Lands, Castles, and Estates

CLAN KEITH originally settled in Caithness, but it was in the North-east where they emerged as one of Scotland's prominent families. From impregnable fortifications to ancient lodgings and estates, below is an alphabetical list that explores a few of these places marked by the Clan Keith..

YouTube Video 1 of Dunnottar Castle, Aberdeenshire, Scotland, Clan Keith
YouTube Video 2 of Dunnottar Castle, Aberdeenshire, Scotland, Clan Keith

Once a strong fortress, Aboyne Castle is a tall 17th-century tower house located about 1/2 mile north of Aboyne. Originally the property of the Bisset family, the castle passed in 1242 to the Knights Templars, then to the Frasers, then in 1355 to the Keiths. By the early 15th century it had been acquired by the Gordons of Huntly, with whose descendents, the Earls of Aboyne, it remains.

Source: The Castles of Scotland by Martin Coventry and Wikipedia - Aboyne Castle


About 2.5 miles north of Wick lies Ackergill Tower, a strong 15th-century keep standing 5 stories tall, with additions made through the 19th century. The lands were property of the Cheynes before passing to the Keiths about 1350. In 1518 Keith of Ackergill and his son were ambushed and slain by the Gunns. Alexander Keith of Ackergill was kidnapped by Sinclair Earl of Caithness, and in 1556 the castle was besieged by the Sinclairs. The castle passed to the Sinclairs in the 17th century.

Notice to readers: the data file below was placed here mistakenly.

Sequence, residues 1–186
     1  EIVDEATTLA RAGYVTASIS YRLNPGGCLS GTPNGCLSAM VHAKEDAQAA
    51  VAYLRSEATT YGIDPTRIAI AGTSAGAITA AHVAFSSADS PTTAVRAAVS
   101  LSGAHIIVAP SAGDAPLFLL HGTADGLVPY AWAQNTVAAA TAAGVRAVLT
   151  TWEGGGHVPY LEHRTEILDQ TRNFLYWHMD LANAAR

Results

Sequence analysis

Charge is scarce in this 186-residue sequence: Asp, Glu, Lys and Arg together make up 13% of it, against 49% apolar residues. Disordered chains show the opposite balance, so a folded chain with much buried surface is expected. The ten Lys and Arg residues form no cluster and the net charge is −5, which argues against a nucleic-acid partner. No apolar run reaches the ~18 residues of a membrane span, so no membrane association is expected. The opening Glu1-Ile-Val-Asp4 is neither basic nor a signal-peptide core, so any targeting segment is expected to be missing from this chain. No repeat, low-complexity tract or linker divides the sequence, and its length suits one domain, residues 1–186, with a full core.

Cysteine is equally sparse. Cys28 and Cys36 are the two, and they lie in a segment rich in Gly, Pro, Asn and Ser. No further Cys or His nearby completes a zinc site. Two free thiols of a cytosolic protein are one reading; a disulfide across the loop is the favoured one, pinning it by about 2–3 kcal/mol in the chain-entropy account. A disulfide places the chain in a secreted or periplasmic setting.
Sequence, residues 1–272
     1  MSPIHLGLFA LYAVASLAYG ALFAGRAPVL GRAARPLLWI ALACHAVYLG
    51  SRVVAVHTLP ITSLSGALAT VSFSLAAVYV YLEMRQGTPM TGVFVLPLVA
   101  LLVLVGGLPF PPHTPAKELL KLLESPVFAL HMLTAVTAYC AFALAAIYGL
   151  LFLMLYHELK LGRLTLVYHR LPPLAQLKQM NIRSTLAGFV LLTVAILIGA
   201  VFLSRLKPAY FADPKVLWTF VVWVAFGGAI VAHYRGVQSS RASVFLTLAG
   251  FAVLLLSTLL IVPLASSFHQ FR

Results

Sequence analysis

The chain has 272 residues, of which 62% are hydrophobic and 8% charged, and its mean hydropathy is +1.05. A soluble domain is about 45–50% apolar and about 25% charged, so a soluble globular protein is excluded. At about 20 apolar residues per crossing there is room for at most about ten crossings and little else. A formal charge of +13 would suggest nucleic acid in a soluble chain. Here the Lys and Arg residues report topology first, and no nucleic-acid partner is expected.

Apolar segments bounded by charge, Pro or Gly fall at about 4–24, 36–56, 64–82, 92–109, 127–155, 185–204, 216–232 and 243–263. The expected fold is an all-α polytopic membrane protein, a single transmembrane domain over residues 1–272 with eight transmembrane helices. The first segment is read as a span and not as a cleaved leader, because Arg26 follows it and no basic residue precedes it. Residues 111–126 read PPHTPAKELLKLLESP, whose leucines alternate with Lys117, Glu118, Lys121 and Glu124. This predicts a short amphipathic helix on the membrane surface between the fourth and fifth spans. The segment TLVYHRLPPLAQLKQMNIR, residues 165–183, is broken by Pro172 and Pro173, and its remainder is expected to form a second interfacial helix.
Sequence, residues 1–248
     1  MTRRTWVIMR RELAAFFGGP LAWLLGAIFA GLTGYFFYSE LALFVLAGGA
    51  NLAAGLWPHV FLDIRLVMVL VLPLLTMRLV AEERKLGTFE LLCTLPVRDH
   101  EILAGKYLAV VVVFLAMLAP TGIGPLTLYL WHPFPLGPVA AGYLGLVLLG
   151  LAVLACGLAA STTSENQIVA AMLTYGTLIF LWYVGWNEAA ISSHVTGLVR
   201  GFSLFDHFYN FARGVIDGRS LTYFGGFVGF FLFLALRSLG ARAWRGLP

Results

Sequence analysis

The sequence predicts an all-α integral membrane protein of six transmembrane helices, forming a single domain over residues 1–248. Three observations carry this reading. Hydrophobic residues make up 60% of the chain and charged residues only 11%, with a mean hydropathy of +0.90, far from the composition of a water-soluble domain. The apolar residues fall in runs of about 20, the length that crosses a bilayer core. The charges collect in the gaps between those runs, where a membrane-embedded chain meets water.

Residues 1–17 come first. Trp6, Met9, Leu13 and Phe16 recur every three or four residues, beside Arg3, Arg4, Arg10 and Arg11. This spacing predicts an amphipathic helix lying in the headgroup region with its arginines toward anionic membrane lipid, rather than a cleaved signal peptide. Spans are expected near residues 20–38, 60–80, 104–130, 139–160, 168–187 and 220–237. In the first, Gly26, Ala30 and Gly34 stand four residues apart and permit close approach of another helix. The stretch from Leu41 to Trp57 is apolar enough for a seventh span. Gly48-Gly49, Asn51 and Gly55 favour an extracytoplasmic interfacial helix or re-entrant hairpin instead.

To arrange a retreat or party at Ackergill Tower click here.

Source: The Castles of Scotland by Martin Coventry and Wikipedia - Ackergill Tower
See also the Keith & Kin article on Ackergill, First Quarter 2001


About 3.5 miles southeast of Inverurie, Balbithan is a fine 16th-century tower house of three stories. The lands had belonged to the Abbey of Lindores, but they were held by the Chalmers family from 1490. They moved from their previous castle at Old Balbithan because, the story goes, a cannon ball fired from the tower of Hallforest, a stronghold of the Keiths, landed in the courtyard of their old castle. Balbithan was sacked by Covenanters in 1640, and the Marquis of Montrose made the castle a rendezvous during the wars with the Covenanters in the 1640s. It provided a refuge for Jacobites after the Battle of Culloden in 1746. The house passed to the Hay family in 1690, the Gordons early in the 18th century, and eventually the Keith Earls of Kintore in 1859. It is in good condition, and still occupied today.

Sources: The Castles of Scotland by Martin Coventry and Scottish Castles Association - Balbithan House - Aberdeenshire.


Benholm was a property of the Lundie family, who built the castle, but later passed to the Ogilvies, then the Keith Earls Marischal. It was from here that in 1623 the 5th Earl's widow had her money and jewels stolen 'to a great amount'. The property was sold to the Scotts in 1659.